Mary Fahl at the Southgate House Revival in Newport: Mary Fahl had not performed in the Cincinnati region in more than two decades, not since a 1995 concert by the wonderfully unclassifiable October Project. In those days, the powerfully sonorous clarity of her singing fronted an equally huge pop sound that gathered elements of prog, folk and even a touch of world beat.
Last weekend, Fahl returned not as the Goth-like figurehead of the former band she described as “Peter Gabriel meets Indigo Girls drowning in a sea of Enya.” Onstage this go-round was a solo artist as chatty, vibrant and revealing as October Project was insular and stubbornly withdrawn. But that voice — that extraordinary, almost operatic voice — had not lost an iota of its emotive impact, deep-seeded mystery or tonal clarity. Fahl might have had nothing but her own guitar work and a discreet level of reverb in the sound mix as accompaniment, but that’s all she needed. Her extraordinary singing rightly took possession of the spotlight.
It wasn’t a forced singing style, either. When Fahl delved into a sleek cover of the Nina Simone hit Wild is the Wild, she held onto the phrase “clings to a tree” with delicious and undeterred confidence. Similarly, on October Project’s most identifiable hit, Bury My Lovely, she bent notes during the chorus in a manner that sounded like a variation of yodeling. The final delivery, though, was all textural cool.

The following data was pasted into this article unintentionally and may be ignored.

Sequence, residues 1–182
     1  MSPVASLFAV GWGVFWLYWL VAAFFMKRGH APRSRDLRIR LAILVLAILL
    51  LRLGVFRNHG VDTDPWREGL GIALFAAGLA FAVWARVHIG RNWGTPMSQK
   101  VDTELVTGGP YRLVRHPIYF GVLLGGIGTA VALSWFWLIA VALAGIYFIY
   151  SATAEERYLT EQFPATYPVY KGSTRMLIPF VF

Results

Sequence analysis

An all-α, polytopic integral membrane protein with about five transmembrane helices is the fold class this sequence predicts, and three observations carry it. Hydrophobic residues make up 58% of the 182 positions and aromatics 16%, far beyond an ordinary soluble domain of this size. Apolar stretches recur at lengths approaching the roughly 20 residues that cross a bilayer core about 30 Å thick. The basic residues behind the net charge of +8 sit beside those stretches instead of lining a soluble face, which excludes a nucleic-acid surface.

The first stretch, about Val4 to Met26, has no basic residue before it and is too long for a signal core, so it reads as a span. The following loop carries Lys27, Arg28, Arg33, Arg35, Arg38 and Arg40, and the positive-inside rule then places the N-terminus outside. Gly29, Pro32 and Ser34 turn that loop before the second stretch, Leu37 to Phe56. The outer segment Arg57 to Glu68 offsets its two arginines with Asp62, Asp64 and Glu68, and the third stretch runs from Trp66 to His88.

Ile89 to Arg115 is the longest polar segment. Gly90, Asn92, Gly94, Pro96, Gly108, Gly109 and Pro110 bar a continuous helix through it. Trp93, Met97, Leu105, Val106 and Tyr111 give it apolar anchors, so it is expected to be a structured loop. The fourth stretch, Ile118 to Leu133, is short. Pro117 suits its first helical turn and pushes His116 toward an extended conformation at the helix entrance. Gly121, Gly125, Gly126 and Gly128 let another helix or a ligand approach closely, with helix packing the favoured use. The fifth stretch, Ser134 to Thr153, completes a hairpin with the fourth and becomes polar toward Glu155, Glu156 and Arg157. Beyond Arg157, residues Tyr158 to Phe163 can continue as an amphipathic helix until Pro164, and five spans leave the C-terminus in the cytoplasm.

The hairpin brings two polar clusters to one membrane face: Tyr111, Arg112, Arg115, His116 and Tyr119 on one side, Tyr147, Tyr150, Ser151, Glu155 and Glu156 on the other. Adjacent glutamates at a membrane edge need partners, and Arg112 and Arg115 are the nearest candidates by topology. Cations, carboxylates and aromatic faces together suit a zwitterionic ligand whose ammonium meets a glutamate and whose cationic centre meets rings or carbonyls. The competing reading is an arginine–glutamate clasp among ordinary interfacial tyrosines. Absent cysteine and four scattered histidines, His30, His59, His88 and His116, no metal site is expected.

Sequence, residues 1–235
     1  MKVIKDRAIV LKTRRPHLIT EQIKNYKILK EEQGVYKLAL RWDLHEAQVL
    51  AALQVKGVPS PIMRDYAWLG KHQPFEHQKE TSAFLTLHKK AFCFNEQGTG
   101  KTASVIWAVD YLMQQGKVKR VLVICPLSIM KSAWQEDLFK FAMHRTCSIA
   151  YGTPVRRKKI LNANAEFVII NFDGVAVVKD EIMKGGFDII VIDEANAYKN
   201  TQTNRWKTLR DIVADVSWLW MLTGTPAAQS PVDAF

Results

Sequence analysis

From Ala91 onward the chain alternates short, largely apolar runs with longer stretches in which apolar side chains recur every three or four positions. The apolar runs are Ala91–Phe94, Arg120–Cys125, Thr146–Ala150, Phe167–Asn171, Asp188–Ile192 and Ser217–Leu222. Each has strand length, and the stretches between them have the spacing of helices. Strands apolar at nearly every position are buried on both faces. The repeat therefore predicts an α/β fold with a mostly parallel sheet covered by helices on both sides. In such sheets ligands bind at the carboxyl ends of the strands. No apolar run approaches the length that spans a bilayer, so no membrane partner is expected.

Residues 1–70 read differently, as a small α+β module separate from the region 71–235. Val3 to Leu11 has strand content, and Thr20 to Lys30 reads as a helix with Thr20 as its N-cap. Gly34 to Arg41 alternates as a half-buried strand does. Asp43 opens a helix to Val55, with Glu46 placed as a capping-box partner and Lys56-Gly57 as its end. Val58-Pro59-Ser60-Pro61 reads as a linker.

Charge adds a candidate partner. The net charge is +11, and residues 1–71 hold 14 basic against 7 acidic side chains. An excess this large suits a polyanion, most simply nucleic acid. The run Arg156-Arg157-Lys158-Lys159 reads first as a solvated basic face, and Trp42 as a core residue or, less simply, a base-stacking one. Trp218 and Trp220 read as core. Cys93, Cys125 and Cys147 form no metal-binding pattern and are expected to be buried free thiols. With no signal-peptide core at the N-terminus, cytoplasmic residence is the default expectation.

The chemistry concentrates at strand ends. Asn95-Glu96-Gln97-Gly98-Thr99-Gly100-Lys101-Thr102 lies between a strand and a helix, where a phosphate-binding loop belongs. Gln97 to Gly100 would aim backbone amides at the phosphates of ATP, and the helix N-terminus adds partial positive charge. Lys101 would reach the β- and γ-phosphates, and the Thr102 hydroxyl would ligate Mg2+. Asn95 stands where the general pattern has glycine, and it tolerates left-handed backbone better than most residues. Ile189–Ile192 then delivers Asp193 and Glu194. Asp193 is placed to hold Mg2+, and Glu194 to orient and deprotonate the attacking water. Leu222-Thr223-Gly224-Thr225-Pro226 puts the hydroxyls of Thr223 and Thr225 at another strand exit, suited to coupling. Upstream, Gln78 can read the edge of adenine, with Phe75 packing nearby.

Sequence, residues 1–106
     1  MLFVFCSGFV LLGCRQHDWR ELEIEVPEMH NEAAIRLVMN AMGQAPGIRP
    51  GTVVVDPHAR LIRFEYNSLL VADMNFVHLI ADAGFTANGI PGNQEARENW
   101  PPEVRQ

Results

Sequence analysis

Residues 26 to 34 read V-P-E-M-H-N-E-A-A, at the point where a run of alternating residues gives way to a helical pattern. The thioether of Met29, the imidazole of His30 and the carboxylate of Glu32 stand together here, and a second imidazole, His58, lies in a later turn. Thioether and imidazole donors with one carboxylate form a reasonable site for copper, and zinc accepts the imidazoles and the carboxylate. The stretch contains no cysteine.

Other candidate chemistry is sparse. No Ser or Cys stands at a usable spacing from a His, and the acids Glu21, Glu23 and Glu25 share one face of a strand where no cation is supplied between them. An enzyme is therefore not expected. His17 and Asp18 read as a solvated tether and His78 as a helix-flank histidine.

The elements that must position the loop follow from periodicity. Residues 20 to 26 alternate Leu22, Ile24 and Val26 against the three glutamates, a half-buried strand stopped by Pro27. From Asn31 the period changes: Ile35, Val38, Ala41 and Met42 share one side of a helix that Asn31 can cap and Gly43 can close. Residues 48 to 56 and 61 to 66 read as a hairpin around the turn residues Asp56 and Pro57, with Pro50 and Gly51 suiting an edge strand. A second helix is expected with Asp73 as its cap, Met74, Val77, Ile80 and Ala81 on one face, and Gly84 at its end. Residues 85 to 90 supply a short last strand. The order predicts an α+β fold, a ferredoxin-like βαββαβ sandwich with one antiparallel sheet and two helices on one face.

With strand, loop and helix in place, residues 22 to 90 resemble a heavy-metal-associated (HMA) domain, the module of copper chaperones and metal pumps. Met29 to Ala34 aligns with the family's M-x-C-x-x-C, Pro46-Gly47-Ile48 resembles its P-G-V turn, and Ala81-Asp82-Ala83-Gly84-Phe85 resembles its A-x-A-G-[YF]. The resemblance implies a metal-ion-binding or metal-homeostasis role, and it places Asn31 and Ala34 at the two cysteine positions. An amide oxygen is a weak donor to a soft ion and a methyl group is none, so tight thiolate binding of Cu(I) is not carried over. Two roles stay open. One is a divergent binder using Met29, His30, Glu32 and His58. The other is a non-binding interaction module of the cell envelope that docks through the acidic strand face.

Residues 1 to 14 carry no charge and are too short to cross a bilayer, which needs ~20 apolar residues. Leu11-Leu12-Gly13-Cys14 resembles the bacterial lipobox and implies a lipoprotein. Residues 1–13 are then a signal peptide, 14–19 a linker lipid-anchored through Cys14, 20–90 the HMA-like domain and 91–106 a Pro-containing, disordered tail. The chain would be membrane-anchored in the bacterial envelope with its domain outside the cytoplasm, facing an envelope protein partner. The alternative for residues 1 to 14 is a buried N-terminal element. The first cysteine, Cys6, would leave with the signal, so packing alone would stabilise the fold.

Fahl was hardly held in place by the October Project material. Along with the Simone gem, she visited the affirmative pop-folk of Joni Mitchell’s Both Sides Now (but in a lyrical fashion that better recalled Judy Collins’ hit version), the lullaby-like fragility of the Edith Piaf-popularized La Vie en Rose, and in the show’s most inventive turn, a folk-fortified makeover medley of Brain Damage and Eclipse, the collective finale of Pink Floyd’s The Dark Side of the Moon.
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As satisfying as any of the covers, though, was the Fahl original Going Home, a Civil War-inspired requiem delivered during an extended encore as a sparse, comforting prayer of peace.